[18] In the field and confirmed in thin sections, there is a

grain size contrast between fat and pure anorthosite layers and surrounding anorthositic gabbro lenses. Both have a strong foliation defined by elongated tablets of plagioclase closely oriented, but statistical counts on the average dimen-sions of plagioclase tablets show that in 24 specimens of thin anorthosites, the average length is 1.95 mm with a standard deviation of 0.93, whereas in 12 specimens of fat anortho-sites, average length is 1.3 mm with a standard deviation of 0.55. This smaller standard deviation in fat anorthosites reflects their grain size homogeneity, contrasting with thin Figure 4. Structures in horizontally foliated gabbros.

(a) Horizontal lens floor in anorthositic gabbros (East Nakhl). (b) Meter thick anorthosite layer moderately dipping in a foli-ated gabbro (Nassif in Wadi Tayin massif). (c) Mildly deformed gabbro‐anorthosite layering (near the central gra-ben, East Nakhl). (d) Layering marked by grain size varia-tions with a coarse‐grained layer overlying a fine‐grained one (Al Khood section). (e) Close view of a poikilitic anor-thosite in a poorly foliated recrystallized hydrous gabbro (near the central graben, East Nakhl). The scale bar is 10 cm (Figures 4c and 4d) and 3 cm (Figure 4e).

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Figure

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Figure 6. Cross sections located in the map in Figure 5, where they are traced from NW to SE. They show the gabbro foliations flat and parallel to the RZSDC to the NE, progressively steepening approaching the central graben, with a reverse dip on its southern side. To help interpreting these field cross sections, they have been rotated backward, from their present‐day ∼15°NE dip to the horizontal, and they are extrapolated in faded tunes. Because of the NE tilt, the gabbros exposed to the south of the graben are deeper in the gabbro unit. Consequently, their attitude does not relate any longer to melt lens activity. Same legend as in Figure 5. No vertical exaggeration.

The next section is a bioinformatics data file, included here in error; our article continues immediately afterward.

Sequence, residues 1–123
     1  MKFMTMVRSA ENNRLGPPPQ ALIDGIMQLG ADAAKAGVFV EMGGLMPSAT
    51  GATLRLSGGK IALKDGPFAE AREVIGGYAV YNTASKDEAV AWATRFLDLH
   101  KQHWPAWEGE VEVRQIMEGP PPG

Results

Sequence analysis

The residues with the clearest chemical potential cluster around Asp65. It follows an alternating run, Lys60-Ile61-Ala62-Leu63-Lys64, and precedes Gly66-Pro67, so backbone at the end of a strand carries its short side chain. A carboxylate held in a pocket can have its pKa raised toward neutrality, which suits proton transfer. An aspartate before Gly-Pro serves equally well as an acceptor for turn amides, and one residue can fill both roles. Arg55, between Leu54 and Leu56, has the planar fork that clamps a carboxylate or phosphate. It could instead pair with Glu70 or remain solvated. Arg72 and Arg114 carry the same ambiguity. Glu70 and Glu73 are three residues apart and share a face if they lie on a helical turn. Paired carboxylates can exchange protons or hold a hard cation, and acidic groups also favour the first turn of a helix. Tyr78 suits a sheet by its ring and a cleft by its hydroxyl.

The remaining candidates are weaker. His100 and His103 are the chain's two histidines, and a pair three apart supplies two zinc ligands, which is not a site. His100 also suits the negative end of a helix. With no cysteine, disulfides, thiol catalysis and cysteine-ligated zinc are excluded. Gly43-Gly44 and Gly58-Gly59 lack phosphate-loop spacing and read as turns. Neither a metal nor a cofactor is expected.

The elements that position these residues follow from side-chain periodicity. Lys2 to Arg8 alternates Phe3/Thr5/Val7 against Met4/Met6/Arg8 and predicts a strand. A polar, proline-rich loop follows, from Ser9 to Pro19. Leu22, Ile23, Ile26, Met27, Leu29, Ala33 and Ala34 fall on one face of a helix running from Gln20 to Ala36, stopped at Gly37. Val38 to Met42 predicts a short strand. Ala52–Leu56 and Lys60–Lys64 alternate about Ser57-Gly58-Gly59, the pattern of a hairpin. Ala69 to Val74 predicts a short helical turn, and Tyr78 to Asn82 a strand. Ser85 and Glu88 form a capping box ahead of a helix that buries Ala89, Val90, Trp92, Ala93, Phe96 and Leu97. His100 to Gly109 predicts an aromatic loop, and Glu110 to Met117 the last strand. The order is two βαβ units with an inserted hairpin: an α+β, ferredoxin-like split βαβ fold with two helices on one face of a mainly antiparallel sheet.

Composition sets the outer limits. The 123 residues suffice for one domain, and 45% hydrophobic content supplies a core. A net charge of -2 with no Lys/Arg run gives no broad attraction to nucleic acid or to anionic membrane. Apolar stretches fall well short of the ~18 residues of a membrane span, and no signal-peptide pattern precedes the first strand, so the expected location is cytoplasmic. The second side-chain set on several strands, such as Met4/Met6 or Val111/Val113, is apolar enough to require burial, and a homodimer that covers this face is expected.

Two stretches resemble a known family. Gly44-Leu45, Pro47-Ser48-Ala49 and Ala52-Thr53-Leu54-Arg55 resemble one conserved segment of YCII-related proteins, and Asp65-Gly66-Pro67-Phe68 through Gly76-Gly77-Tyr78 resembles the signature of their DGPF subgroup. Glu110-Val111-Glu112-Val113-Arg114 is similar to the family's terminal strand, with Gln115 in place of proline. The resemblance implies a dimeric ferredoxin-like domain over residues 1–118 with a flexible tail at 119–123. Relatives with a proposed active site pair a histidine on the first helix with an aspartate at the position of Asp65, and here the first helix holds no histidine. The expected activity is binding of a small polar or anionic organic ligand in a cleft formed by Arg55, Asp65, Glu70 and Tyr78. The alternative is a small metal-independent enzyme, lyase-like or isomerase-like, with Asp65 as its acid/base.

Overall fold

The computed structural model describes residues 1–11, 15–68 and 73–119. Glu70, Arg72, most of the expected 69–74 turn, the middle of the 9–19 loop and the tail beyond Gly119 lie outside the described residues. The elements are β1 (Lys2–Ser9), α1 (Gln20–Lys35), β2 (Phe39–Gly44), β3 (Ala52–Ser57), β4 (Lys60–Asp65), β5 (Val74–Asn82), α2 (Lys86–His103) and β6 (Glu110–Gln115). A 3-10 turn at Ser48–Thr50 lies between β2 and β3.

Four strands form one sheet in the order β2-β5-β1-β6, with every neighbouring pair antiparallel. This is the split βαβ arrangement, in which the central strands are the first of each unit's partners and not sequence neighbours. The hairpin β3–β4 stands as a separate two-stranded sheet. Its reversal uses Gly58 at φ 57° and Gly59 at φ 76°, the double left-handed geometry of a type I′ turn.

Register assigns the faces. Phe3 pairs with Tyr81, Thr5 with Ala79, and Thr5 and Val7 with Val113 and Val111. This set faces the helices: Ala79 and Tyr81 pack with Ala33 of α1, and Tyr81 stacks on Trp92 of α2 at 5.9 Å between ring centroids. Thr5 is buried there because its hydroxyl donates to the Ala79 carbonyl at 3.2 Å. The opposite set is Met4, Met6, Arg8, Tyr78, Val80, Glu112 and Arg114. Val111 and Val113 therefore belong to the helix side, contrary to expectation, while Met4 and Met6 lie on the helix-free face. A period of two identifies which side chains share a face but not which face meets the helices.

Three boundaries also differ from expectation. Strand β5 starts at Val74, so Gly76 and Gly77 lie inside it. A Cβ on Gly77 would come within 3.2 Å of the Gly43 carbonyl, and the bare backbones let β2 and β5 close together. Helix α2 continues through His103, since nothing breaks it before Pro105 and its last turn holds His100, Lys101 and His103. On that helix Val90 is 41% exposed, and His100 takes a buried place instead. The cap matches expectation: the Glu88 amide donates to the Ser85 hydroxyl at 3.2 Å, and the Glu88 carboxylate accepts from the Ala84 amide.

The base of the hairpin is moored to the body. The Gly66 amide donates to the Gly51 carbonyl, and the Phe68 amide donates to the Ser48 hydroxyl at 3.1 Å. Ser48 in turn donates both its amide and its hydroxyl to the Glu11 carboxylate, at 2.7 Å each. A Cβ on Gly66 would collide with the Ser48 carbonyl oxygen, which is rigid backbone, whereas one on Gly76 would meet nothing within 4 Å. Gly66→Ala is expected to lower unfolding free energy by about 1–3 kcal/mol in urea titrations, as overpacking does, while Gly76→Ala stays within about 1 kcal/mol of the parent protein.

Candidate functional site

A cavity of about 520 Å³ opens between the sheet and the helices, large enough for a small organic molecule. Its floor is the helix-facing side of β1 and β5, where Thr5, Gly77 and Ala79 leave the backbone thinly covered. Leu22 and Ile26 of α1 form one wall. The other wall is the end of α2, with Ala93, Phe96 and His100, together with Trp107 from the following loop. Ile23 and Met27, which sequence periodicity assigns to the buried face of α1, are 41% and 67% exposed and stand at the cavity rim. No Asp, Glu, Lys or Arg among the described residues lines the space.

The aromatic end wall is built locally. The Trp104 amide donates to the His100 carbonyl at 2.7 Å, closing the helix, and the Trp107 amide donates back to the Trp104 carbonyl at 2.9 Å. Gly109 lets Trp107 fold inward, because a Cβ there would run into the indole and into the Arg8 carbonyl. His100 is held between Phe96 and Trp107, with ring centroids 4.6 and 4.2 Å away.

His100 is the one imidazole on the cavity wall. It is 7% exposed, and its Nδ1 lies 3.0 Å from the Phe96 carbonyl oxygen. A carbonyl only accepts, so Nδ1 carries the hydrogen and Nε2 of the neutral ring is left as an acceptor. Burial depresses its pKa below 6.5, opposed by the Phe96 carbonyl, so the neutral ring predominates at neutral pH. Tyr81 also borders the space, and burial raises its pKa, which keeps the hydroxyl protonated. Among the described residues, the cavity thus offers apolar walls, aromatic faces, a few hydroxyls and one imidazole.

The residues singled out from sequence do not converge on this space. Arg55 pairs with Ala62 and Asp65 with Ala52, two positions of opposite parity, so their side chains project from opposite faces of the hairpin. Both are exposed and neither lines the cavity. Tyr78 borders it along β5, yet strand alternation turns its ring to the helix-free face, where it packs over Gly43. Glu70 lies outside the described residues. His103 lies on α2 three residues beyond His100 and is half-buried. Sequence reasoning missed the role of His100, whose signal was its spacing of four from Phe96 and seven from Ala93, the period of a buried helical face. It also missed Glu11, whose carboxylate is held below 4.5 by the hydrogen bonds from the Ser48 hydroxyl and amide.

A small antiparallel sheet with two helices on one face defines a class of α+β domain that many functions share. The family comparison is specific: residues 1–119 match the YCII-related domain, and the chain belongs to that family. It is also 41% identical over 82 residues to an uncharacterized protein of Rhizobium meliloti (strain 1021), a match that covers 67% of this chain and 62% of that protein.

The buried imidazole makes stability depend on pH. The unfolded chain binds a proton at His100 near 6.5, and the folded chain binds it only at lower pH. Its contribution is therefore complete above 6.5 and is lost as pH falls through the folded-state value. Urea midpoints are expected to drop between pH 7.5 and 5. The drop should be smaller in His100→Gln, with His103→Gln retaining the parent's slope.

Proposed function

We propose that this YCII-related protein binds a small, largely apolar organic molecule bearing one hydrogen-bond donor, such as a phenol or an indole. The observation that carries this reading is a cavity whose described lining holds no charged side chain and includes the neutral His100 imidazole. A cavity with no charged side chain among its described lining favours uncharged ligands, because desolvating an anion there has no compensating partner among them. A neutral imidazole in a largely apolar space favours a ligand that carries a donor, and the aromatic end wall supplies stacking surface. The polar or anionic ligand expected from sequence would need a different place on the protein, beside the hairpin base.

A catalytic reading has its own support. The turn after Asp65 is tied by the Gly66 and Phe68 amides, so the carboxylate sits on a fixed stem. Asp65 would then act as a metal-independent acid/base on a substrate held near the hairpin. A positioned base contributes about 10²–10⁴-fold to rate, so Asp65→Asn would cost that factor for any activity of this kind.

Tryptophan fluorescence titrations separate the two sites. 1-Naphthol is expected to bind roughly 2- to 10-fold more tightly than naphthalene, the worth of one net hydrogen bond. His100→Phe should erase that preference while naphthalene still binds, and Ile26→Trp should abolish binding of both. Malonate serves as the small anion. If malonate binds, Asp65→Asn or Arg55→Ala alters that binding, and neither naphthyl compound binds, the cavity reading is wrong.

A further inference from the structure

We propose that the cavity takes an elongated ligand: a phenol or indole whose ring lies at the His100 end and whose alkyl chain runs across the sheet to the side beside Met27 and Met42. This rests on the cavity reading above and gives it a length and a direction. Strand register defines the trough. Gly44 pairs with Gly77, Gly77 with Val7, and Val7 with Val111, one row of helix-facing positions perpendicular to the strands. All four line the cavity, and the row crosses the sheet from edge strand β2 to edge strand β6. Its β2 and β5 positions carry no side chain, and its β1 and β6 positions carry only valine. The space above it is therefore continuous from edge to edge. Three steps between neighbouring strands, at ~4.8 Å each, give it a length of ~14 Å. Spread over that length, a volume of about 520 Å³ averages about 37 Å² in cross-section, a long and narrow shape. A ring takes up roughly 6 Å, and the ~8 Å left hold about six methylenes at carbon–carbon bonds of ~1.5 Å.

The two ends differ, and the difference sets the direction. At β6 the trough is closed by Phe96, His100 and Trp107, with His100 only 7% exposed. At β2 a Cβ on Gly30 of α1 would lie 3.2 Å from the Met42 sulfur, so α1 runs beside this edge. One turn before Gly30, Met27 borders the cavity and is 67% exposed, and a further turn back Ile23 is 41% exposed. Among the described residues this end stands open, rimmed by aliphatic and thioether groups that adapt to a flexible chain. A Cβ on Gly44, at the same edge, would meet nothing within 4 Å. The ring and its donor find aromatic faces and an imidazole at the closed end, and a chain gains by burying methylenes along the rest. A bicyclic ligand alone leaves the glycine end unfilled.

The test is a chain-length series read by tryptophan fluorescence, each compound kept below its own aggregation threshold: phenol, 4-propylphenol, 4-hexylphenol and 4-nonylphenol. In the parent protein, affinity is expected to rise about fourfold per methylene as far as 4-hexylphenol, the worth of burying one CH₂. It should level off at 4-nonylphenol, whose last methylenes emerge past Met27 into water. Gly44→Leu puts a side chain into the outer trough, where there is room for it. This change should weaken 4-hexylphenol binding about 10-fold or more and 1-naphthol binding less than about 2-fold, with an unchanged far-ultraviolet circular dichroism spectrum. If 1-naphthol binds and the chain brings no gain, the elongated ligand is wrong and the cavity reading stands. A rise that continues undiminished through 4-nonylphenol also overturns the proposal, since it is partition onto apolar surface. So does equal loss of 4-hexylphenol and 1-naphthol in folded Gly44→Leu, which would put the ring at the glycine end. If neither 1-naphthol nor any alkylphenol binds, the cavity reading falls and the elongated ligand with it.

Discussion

Figure 5. Map in the eastern part of the Nakhl massif (location in Figure 2) illustrating the progressive rotations of gabbro foliations, from flat lying to the north toward a central graben limited by dashed lines between <45° and >45° foliations dips. The RZSDC and the sheeted dike complex reappear within the graben. Lineations trending NW‐SE in flat gabbros rotate N‐S approaching the graben where they trend normal to its axis (lineation trajectories drawn in Figure 10b). Lines A, B, and C are traces of the cross sections in Figure 6.

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anorthosites where a duality of grain size is observed with a dominant 1.3 mm grain size and a variable fraction of∼3 mm grains like in the gabbro in Figure 7b.

4.

Discussion